No, not in the way you most likely mean. We are attending a conservative Shul. There are no orthodox Shuls in Utah. So there is no LOR for me to talk to. Within the Conservative Movement, this isn’t an issue. It is fully supported. So there really isn’t anything to discuss. It would be like asking an Orthodox rabbi if your wife should cover her hair.
But I wanted to understand the Orthodox perspective, so in place of talking to my LOR I have considered all that I learned in Seattle, and have done online research on the topic from a Torah perspective.
I would like to say what I found was more supportive, but the reality is that the majority of Orthodoxy is still very traditional when it comes to their views on LGBTQ+. There are definitely some Orthodox groups and rabbis who are supportive, but change seems to be very slow.
So if I were to go to a LOR, if I had one, more likely than not I would be told this is wrong. But their rejection doesn’t make any sense to me. Very early on in my conversion process, some medical issues came up. At the time I asked my LOR about how Torah would have me deal with this. I was told very blatantly that we do not look to any of our ancient texts for medical advice. The reason given was that science has shown some of them to be incorrect and we side with science.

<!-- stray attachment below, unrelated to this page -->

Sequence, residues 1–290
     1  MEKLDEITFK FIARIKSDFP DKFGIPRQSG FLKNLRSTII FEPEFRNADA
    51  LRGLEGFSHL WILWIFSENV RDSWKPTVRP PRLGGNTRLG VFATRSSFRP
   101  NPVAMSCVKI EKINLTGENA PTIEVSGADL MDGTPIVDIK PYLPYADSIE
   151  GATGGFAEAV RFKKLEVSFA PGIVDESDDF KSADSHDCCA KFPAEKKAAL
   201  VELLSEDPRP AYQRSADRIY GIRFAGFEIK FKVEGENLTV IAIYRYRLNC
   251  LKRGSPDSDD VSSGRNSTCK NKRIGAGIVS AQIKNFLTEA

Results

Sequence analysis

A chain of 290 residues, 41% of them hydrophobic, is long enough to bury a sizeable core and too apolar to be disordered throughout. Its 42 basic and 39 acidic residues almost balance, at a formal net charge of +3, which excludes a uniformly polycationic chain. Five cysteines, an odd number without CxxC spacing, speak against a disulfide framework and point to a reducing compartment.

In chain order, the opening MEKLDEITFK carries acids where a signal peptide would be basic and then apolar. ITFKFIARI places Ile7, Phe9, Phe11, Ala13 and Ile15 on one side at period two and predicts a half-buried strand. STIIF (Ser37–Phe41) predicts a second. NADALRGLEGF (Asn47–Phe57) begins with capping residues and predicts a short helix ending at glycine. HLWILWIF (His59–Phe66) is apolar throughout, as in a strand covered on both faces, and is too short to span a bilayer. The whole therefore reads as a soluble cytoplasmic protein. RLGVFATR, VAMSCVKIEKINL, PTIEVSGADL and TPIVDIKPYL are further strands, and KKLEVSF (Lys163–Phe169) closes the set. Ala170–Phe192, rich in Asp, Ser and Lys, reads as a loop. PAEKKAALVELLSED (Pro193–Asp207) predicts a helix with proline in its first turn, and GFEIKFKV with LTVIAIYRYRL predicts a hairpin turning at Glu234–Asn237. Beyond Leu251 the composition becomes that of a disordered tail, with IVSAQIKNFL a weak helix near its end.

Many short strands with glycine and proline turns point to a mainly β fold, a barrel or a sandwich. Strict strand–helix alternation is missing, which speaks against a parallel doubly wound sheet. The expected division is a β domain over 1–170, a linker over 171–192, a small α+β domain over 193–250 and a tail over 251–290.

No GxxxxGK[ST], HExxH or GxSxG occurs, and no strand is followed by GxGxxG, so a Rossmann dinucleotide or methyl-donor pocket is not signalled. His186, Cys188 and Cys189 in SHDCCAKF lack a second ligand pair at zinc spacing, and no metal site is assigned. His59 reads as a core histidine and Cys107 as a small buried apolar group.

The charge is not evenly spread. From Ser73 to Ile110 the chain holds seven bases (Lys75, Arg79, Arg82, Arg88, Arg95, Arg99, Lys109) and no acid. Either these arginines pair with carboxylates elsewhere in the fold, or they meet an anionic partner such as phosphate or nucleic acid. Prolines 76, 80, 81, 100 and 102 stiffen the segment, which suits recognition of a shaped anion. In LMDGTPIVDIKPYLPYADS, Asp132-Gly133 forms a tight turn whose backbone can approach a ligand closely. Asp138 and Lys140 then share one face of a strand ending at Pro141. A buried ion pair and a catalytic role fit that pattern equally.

Here is a topic that the vast majority of the medical community is supportive of yet here most Orthodox ignore the policy of looking to modern science and stick with traditional views.
I am still researching this. I have yet to find a reason for this inconsistency. I would like to understand why people are hanging on to the traditional view here. Even more, I would like to know where I fit in the Orthodox world as I move forward. From what I have read so far that is a very difficult question with no consensus.